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n1vux (1492)

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Only started with Perl4 and Perl5 in 1995. I was doing AWK etc for 12 years before that, and resisted switching. I've been doing OO since before C++ hit bigtime, with Objective-C and SmallTalk, so I really like the (no longer new) Perl5 OO style; and the Lispish Map style is also an old friend. What do I hack with Perl? All data that passes my way; systems monitoring scripts at $DayJob, weather data at night, and I cheat on NPR word puzzles. Member: [] [] /. LinkedIn []

N1VUX is my FCC-issued ham radio callsign.

Journal of n1vux (1492)

Friday November 04, 2005
06:51 PM

Python Considered Dangerous, but what to do?

[ #27453 ]
Python Considered Dangerous
Famine threatens, Modest Proposals needed
or, an Ecology of Free Software -

I was reminded by Nat's comment on learning Python and a comment on Boston.PM list referring to a Slash-Dot thread (that strangely claims PHP has defeated Java) that that I had had a revelation at a LUG meeting recently.

I have heard two reasons to prefer Python to Perl that made sense -- and the source and sense of the second one scared me.

  • A friend with little remaining wrist does his scripting in Python, since his voice-typer works better with a non-punctuated language.
    (Yes he can reconfigure it to do Perl, but he can do Python with the same training set as email and data files, and it doesn't like switching training sets. If he could switch brands he would, but there's not a good open source alternative in voice-typers yet, there's a very high cost to entry to that market. I assume he uses auto-indent so he doesn't have to say TAB TAB TAB for each line.)
    This is reasonable, limited, and harmless.
  • Mark Shuttleworth is pushing to make Python the dominant scripting language of the universe. If I understood Mako correctly at his Ubuntu talk to BLU

    «Python: One goal is "python everywhere." It is the energy that surrounds us and binds us as Jeff Waugh has said.

    «We are working hard to have everything extensible by Python. Mark loves Python.»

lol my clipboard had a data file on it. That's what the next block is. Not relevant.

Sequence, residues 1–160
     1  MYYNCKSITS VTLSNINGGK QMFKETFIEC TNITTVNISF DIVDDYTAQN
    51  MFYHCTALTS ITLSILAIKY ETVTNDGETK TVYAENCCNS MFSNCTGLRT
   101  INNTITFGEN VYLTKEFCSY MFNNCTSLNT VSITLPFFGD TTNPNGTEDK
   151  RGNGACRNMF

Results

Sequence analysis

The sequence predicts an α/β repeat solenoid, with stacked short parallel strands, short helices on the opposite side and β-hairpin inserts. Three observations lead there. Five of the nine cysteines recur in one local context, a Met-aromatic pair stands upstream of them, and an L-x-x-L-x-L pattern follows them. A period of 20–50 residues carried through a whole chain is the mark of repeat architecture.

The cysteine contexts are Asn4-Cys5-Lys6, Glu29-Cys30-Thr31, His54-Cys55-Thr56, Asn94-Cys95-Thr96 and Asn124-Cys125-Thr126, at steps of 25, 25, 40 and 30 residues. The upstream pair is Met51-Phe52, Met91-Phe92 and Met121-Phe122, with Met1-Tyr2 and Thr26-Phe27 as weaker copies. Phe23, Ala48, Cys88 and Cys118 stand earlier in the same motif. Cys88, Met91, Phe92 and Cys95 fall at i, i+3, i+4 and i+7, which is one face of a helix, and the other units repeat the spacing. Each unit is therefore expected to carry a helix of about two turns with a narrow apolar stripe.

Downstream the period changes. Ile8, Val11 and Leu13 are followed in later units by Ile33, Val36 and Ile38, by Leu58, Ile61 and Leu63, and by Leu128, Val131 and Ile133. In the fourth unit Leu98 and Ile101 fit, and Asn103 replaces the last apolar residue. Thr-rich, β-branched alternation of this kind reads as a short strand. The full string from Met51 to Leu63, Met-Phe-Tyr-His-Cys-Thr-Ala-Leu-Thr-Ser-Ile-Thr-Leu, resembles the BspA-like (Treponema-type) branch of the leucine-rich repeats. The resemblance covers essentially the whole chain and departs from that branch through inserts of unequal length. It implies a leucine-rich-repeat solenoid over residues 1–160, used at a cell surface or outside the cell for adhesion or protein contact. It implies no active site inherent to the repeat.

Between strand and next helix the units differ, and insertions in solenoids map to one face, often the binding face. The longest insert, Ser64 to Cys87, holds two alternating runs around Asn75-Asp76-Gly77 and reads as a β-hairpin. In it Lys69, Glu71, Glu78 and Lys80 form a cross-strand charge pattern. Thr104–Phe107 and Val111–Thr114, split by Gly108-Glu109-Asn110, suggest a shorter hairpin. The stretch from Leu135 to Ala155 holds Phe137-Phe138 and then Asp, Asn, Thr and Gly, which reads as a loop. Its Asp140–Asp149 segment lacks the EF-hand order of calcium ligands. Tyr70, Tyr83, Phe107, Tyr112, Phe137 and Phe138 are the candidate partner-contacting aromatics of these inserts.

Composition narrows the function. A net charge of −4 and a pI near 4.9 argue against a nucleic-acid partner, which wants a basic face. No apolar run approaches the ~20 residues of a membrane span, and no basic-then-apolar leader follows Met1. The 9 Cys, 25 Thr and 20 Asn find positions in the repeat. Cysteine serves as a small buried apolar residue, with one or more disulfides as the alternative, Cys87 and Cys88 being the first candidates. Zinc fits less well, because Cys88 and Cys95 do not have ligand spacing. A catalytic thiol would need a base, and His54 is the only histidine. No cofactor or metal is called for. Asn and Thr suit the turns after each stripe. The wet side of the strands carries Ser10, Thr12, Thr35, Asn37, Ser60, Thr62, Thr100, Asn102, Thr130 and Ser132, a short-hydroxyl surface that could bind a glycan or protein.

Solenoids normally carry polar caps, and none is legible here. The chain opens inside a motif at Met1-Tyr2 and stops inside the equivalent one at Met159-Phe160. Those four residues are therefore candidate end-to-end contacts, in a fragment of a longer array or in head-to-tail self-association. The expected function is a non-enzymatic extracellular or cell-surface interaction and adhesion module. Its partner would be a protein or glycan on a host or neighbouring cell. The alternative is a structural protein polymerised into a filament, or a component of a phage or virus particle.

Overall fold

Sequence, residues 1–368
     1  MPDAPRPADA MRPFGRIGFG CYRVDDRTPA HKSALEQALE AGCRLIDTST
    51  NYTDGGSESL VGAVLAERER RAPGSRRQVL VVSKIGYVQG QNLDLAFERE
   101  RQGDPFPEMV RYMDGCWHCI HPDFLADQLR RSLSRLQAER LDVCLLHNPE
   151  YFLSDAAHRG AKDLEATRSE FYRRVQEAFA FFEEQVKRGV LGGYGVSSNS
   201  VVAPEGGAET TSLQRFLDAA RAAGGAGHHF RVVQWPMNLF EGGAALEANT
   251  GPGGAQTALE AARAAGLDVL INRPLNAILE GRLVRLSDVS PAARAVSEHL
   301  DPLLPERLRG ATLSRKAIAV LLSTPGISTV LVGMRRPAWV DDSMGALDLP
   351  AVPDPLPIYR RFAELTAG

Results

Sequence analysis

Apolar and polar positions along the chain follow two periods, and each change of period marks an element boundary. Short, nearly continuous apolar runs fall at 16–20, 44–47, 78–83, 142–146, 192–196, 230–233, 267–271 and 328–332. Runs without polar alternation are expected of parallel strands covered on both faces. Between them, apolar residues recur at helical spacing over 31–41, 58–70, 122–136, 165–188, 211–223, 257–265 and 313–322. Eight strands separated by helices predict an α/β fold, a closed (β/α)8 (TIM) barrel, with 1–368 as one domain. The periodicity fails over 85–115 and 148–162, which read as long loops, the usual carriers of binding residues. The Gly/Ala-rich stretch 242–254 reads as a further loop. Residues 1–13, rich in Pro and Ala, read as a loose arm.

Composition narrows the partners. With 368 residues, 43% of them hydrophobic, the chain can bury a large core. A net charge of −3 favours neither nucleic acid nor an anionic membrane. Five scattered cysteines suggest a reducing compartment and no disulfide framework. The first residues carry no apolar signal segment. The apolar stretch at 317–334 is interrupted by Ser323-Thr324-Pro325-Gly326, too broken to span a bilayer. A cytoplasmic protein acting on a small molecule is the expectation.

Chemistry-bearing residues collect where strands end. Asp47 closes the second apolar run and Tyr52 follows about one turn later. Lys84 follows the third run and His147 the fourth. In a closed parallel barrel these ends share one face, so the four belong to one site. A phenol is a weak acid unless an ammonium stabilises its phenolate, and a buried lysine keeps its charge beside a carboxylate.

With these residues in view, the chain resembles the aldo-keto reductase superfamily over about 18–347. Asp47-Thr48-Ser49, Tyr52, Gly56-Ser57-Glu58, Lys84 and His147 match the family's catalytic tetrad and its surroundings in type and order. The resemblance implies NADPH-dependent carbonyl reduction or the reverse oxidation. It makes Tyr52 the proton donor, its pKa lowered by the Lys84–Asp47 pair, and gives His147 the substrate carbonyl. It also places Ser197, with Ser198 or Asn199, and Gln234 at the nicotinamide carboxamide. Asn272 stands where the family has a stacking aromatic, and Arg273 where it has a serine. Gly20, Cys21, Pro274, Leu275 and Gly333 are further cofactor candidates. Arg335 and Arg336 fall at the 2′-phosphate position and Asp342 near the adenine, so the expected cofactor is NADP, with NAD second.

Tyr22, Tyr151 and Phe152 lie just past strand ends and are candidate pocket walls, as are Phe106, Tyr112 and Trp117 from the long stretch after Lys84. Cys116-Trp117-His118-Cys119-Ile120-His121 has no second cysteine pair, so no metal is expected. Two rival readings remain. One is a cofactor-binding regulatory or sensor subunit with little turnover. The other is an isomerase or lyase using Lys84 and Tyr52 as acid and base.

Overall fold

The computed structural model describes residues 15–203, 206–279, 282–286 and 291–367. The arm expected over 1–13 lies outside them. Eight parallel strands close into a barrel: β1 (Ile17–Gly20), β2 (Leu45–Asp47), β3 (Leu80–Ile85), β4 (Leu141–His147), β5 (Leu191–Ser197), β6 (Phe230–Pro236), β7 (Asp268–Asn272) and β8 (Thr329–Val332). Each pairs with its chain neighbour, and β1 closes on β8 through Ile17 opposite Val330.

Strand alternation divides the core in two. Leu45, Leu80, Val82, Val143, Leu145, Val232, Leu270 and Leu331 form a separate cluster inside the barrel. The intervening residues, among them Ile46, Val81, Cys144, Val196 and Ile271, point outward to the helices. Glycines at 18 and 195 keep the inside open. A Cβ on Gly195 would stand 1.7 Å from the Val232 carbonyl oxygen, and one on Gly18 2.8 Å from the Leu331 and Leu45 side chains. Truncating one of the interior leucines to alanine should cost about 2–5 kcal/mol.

In Q&A, Mako elaborated that having one scripting language for system install, config, startup files and for application customization/integration/scripting is obviously a win. But the reason for preferring Python over Perl in the Gnome+Python+security Ubuntu-preferred feature-set is the simplicity of syntax will make it more acceptable / accessible as a mere scripting language to non-programmers, the desktop users. The minimal subset is perceived to be smaller.

    This is reasonable, potentially pervasive, and thus dangerous. Since he's the millionaire astronaut behind Ubuntu, Mark can do this. If he succeeds in making Ubuntu the replacement for Windows -- and all FLOSS users should hope he does, even Perl Mongers -- Python will be the replacement for WinDos ComManD files and VBA scripting (Visual Basic for Applications), and the replacement for most BASH too.

Modest Proposals Needed

In the sense of Swift, we need some modest proposals to let us see the elephant in the room -- maybe some cup-throwing too, because Jon's comments that Perl is in trouble

« unless we can come up with something that will excite the community, because everyone's getting bored and going off and doing other things»

is still, or again, true. Perl6 is exciting, but what Perl community will be left for it to excite when it is done? They are wandering off -- even Nat is learning Python, though he says it's only a dalliance, not an affair of the heart -- but more seriously, the niches that were once Perl's alone are crowded with too many kinds of finches in one niche.

I'll play Devil's Advocate.(or perhaps Estate Agent and look at our location, location location selling points)

Is Parrot the redemption of Perl, or the path to obscurity? If Parrot makes Python run faster and gives it native access to all of CPAN and 6PAN, does Perl become just the esoteric language for a small band of FLOSS gurus to implement modules for Ubuntu and Open Office users to call from their Python scripts?